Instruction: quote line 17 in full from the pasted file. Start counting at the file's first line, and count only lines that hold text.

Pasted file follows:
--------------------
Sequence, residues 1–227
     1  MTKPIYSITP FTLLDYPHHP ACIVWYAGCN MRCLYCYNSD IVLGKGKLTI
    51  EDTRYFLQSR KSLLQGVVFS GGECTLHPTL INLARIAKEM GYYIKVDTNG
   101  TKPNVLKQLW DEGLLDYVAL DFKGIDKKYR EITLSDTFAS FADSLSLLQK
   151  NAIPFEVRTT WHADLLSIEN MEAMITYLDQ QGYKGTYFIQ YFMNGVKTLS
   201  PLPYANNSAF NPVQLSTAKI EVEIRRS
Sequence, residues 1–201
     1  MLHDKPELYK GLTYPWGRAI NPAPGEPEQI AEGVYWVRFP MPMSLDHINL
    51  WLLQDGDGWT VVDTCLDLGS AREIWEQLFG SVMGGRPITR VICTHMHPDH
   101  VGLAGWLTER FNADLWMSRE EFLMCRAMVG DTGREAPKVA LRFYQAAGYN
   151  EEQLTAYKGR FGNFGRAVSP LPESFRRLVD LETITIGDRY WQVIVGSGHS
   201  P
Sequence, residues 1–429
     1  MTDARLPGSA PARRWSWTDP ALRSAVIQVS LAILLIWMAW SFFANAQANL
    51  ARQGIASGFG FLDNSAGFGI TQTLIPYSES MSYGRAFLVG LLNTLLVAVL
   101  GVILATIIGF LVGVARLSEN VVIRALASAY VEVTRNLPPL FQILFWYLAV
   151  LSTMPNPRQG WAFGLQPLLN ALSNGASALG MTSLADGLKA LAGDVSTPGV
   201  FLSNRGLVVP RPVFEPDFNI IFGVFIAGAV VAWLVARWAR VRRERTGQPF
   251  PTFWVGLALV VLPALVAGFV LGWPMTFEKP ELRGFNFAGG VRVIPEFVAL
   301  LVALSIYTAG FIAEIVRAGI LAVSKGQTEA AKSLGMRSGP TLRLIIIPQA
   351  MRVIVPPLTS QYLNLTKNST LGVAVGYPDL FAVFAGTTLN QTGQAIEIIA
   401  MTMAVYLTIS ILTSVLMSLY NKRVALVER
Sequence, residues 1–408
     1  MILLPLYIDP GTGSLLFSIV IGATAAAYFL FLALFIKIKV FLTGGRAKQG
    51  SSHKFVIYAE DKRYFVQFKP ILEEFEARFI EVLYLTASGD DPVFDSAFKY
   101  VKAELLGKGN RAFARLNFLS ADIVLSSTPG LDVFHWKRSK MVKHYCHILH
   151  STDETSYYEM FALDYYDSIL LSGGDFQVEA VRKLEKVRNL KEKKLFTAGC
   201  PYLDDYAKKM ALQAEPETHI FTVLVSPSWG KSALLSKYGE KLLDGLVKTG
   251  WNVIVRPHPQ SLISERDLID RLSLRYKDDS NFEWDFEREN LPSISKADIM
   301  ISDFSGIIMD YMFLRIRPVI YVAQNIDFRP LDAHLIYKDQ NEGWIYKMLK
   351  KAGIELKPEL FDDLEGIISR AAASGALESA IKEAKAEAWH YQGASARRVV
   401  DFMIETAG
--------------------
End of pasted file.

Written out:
   151  LSTMPNPRQG WAFGLQPLLN ALSNGASALG MTSLADGLKA LAGDVSTPGV